parker-waichman-newsJan 1, 2000
Heartware, a subsidiary of Medtronic, has recalled its Heartware Ventricular Assist Device (HVAD) due to problems with its driveline connector tubes. The issue can cause the pump to stop working. The device is implanted in patients at risk of death from end-stage left ventricular heart failure or patients awaiting a heart transplant. HVAD helps deliver blood from the heart to the rest of the body.
The FDA placed its most serious "Class 1" label on the HVAD recall. Class 1 recalls indicate that exposure to the recalled device presents a reasonable risk of serious injury or death.
The HVAD pump is connected to the external controller and power source via driveline connectors. The recall is being issued because a design defect with some driveline connectors causes fluid or other material to enter the pump. According to the FDA, the pump can stop working if this occurs.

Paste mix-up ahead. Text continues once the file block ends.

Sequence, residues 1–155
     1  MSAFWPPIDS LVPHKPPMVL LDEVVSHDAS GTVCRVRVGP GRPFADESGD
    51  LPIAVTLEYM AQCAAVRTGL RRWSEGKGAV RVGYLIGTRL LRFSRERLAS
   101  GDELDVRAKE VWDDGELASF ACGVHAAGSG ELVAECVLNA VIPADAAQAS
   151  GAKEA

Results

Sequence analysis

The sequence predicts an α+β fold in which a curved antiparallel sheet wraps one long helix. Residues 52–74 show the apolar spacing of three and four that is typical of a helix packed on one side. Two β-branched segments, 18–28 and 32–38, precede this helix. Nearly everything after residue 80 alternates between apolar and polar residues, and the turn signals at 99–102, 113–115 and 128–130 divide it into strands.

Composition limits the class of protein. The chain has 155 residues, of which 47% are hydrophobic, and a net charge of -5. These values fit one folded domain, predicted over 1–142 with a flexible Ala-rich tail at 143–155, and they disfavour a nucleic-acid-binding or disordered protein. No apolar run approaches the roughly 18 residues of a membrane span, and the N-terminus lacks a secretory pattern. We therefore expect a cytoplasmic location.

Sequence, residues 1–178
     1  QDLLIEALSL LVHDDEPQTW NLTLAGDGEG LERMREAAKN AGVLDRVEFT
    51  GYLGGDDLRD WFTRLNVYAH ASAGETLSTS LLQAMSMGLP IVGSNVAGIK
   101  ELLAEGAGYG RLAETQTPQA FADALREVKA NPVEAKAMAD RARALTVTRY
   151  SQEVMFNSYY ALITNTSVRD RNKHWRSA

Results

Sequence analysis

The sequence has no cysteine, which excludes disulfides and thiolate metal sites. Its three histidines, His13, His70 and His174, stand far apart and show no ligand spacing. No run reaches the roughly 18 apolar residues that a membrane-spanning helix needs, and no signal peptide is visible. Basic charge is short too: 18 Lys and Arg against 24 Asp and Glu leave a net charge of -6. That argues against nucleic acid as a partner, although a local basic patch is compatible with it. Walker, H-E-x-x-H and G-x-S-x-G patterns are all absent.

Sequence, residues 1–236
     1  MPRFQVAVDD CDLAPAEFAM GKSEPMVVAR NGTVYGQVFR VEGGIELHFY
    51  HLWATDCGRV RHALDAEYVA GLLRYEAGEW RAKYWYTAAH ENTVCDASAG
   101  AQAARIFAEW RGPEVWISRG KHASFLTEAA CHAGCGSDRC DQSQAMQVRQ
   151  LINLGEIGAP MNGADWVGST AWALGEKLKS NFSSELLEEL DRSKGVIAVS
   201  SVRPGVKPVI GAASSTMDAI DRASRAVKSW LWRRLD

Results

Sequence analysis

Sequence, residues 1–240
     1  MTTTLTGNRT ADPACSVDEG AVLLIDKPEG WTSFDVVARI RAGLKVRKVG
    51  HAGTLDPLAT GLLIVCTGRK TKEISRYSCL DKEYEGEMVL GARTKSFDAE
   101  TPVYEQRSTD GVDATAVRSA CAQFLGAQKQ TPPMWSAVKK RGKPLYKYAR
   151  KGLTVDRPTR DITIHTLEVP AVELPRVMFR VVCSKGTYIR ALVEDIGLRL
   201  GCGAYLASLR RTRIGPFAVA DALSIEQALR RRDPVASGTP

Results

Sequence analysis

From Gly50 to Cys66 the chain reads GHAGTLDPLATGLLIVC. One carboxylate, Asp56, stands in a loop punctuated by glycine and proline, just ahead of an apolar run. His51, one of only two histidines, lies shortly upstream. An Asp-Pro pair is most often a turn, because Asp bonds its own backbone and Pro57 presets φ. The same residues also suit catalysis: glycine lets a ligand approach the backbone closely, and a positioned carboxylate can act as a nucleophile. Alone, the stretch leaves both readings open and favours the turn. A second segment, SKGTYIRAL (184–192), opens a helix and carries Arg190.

The recall affects all HVAD devices with serial numbers lower than HW25838 with product codes 1103 and 1104 manufactured between March 17, 2006 and June 27, 2016. In the United States, 105 units are affected.
Medtronic also recently warned that some rechargers used for its deep brain stimulation devices may be subject to an error state, where the recharger does not respond or supply charge until reset. Neurostimulators are implanted in patients with neurological disorders; for example, they are used to control movement symptoms associated with Parkinson's and epilepsy. Medtronic said that if the neurostimulator is not charged, patients may experience a return of symptoms. In rare cases, this can lead to life-threatening injury and death. Medtronic instructed customers to plug the rechargers into an AC power supply before recharging and keep them connected until charging is complete. Health care professionals can help patients reset the recharger if it is unresponsive.
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